Have an array of doubly-linked lists, the indexes to the array being steps of minimum amounts of memory to allocate. For example, the first linked list pointed to could be for chunks of at least 4 bytes, the second could be for chunks of at least 8, the third for chunks of at least 16, etc. Perhaps after a certain point we would stop doubling it, though, for example, 1024, 2048, 3072, 4096.., although we may still increase our granularity at certain points (while still making it possible to, via a formula, look directly to the right index without a search).

Each linked list is a linked list of available chunks of memory of a size in between its minimum size and the next-highest minimum size in the array. The end of the linked list simply runs off to the beginning of the next linked list, so that if all memory is taken for that chunk size then it automatically resorts to the next higher chunk size.

Of course, when a chunk is allocated it's removed from the linked list. When the chunk is freed it's inserted into the linked list. We can keep a hashtable of memory locations that remembers their sizes and locations of their list elements, or we can just return a memory object that contains more than just a pointer to the free memory.

Now, here's the method for consolidating otherwise adjacent blocks of free memory: when memory is freed, the addresses just before the beginning and just after the end of the chunk can be looked up in the hashtable. If the hashtable says that the memory chunk whose last byte is pointed to by the former is a free one, then the one we've just freed is conjoined with it (the exact location of the linked list item for the other block being stored within the hashtable value), and the same goes for if the memory chunk whose first memory location is pointed to by the latter is recorded as being free. Obviously we update the hashtable whenever we conjoin or split up some free memory, with both the chunk's first and last memory locations.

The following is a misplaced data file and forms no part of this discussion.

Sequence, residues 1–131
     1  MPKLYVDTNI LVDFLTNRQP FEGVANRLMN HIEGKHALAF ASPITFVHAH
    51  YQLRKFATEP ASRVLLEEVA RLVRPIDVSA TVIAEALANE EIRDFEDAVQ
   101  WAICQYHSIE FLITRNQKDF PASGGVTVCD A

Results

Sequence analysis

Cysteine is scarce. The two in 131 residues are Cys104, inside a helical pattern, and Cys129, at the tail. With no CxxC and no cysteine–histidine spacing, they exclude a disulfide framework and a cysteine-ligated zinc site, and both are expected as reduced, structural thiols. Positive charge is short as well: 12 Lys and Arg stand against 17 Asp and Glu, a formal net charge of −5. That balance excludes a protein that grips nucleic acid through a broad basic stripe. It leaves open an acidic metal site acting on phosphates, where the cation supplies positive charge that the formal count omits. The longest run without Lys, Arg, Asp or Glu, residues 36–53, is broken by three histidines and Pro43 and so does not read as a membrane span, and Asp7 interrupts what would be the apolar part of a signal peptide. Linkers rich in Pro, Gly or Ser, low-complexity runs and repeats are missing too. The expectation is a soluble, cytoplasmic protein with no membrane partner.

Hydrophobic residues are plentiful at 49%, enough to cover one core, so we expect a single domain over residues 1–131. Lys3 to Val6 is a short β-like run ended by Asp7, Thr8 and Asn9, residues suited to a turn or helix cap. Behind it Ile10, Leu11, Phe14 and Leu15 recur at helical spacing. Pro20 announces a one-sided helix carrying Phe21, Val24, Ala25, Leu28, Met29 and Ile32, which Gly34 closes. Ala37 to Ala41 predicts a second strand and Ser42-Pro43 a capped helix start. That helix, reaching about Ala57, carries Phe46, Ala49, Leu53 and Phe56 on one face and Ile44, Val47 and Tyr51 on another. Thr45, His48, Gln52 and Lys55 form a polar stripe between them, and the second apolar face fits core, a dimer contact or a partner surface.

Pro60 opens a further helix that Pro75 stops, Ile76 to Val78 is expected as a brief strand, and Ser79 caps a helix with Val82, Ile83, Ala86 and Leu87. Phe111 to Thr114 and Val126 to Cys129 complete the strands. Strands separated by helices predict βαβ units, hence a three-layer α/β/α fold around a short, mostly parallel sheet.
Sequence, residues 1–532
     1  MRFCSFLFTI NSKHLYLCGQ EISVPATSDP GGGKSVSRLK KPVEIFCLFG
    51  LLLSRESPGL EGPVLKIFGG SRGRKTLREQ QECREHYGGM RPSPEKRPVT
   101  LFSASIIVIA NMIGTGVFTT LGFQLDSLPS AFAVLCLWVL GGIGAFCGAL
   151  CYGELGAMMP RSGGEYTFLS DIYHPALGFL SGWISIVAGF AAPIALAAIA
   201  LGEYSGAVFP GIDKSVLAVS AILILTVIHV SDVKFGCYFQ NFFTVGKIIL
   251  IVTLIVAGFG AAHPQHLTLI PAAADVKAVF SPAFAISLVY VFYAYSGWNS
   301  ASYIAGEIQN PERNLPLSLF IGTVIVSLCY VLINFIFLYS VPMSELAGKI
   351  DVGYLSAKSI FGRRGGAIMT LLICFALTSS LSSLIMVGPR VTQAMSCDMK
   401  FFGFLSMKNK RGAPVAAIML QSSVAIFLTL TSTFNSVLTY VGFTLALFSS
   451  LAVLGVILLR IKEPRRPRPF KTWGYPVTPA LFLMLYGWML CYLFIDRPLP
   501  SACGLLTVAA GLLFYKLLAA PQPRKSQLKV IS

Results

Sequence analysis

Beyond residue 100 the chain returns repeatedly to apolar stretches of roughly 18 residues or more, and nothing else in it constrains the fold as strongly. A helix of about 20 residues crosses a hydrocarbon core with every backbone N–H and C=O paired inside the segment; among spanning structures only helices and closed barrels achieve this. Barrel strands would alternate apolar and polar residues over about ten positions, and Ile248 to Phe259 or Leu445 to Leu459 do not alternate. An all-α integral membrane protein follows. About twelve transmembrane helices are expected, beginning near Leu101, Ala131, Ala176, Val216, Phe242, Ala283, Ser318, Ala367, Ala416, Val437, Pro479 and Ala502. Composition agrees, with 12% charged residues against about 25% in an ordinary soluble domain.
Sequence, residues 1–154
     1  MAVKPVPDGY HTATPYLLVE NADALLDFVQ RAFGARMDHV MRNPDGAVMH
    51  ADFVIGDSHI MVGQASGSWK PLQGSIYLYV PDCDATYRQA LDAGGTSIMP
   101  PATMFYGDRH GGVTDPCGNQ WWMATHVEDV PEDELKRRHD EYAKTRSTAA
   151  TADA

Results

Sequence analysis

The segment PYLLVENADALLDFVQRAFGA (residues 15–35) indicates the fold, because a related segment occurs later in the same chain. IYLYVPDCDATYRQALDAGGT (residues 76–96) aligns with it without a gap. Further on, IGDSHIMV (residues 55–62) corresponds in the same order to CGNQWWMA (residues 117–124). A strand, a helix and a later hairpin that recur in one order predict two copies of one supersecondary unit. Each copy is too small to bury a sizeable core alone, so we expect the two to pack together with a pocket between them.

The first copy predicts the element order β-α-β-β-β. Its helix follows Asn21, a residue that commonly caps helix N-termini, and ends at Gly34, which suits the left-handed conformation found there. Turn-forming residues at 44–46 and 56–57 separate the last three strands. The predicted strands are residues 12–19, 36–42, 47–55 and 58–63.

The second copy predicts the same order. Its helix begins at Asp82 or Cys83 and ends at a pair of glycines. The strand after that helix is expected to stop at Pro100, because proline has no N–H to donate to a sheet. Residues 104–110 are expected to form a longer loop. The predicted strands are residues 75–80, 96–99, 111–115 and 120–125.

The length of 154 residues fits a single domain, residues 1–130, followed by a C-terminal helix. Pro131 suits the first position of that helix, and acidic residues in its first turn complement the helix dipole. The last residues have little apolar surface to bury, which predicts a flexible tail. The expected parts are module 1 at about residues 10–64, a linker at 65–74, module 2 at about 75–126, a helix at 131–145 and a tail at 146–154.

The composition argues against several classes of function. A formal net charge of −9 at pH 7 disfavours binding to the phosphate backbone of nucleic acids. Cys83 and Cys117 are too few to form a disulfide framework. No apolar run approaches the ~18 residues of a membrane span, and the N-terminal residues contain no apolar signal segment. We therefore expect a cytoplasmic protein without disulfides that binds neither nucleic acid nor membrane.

Oh, I forgot to mention: there is never any searching of these linked lists, because you always pop an item from the beginning of one to allocate a chunk, and insert one somewhere (for example, at the beginning of the appropriate linked list) to free one. (Obviously collisions can and will occur within the hashtable, but that only requires searching 2 or 3 elements now and then, by comparing ints.)

Tuesday, April 21, 2009

'Nother sort idea: Hash Sort

so if a hash function can distribute keys uniformly in slot space, then all we have to do is make a hash function that distributes uniformly and guarantees that the slots are in alphabetical order, then we can iterate over the slots and do compares for the ones with multiple entries in one slot. a hash function to distribute alphabetically for strings would be something like: num_slots*s[0]/256 + num_slots*s[1]/512 + num_slots*s[2]/1024 etc. of course this doesn't work very well if your strings actually have some sort of pattern to them, like for example they're readable. :p

since it's probably impossible to guarantee uniformity this way, you may want to use an n*n hash table. or perhaps an n*n*n. etc.

i guess you could say this algorithm is approximately O(n*log_256 k) where k is average element length in bytes? assuming you're not using unicode..